Foot shape and size can change in small but meaningful ways throughout adulthood, yet time-starved shoppers increasingly order shoes online and forgo proper sizing by a trained salesperson. The need for better-fitting shoes comes with the news that our feet, like the rest of us, are getting bigger. The average shoe size is up about two sizes since the 1970s, according to a study released last month from the College of Podiatry, a U.K. professional group. Emma Supple, a consulting podiatrist for the College of Podiatry, says she believes the findings apply outside the U.K. as well. “We’ve all gotten taller and we need big feet to hold us up,” she says.
Accelerators use electromagnetic force to accelerate charged particles. The resulting particle beams can be directed along the desired path, including to the outside of the accelerator walls. When a charged particle moves past an atom, it can interact with the electrons in that atom, knocking them out of their orbits and breaking bonds. That can cause some chemical compounds to fall apart and others to polymerize. The latter ability has been used in one of the earliest industrial applications of accelerators, stretching back at least to the 1980s: sealing potato chip bags and milk cartons. The potato bag is made from two layers of aluminum foil held together by glue. That glue would take too long to dry on industrial conveyor belts. “It would be sticky forever,” says Kephart – but electron beams can make it happen instantly. “With an accelerator you can polymerize that glue and it’s set.”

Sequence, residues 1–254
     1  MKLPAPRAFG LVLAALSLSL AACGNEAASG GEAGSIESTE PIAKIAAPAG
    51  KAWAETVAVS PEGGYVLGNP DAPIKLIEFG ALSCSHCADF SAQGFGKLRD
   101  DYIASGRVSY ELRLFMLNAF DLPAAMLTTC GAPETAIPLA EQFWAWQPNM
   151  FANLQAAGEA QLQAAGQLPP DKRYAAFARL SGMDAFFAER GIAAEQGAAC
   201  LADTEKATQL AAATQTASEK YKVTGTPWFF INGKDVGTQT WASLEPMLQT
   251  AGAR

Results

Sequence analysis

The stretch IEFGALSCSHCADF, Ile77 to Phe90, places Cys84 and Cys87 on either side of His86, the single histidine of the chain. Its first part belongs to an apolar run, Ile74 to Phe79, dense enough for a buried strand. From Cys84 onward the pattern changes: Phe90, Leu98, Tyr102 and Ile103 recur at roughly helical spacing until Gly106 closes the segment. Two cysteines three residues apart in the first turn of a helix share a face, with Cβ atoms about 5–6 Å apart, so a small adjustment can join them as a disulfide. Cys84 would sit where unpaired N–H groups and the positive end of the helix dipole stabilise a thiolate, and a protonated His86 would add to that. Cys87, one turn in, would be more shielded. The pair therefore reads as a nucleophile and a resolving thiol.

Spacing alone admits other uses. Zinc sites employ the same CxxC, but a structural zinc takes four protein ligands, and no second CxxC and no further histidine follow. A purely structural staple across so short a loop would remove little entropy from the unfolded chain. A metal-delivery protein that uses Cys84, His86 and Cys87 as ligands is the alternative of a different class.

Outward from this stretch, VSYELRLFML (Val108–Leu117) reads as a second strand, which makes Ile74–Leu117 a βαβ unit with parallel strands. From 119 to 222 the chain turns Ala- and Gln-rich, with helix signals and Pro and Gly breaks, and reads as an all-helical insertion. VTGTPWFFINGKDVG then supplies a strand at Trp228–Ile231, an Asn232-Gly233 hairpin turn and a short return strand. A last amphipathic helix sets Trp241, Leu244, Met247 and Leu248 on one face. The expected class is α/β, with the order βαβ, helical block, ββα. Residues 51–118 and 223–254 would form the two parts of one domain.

After designing the “magic cube” as he called it (twice the weight of the current toy), he realised he could not actually solve the puzzle. The more he moved the coloured squares, the more mixed up they became. “It was a code I myself had invented!” he wrote. “Yet I could not read it.” The cube, made up of nine coloured squares on each side, can be rearranged in 43 quintillion different ways. That is 43,000,000,000,000,000,000.
A fortuitous misapplication I’d say, it seems to me interest in a “working model to help explain three-dimensional geometry” would be somewhat limited, so to speak.